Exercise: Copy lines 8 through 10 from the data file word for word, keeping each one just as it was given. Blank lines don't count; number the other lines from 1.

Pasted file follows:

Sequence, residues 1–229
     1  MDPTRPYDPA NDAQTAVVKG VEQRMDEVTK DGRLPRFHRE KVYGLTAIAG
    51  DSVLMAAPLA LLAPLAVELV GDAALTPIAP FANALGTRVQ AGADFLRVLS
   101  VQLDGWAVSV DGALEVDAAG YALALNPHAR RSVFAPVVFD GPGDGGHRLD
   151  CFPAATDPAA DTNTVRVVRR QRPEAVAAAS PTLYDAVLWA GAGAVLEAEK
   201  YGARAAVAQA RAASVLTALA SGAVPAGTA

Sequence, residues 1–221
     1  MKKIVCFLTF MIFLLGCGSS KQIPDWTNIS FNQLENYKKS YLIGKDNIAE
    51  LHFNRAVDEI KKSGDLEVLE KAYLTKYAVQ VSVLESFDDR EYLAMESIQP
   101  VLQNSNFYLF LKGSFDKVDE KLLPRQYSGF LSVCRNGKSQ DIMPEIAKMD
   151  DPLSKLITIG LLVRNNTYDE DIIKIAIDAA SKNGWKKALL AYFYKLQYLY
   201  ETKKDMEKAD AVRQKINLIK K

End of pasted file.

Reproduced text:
     1  MKKIVCFLTF MIFLLGCGSS KQIPDWTNIS FNQLENYKKS YLIGKDNIAE
    51  LHFNRAVDEI KKSGDLEVLE KAYLTKYAVQ VSVLESFDDR EYLAMESIQP
   101  VLQNSNFYLF LKGSFDKVDE KLLPRQYSGF LSVCRNGKSQ DIMPEIAKMD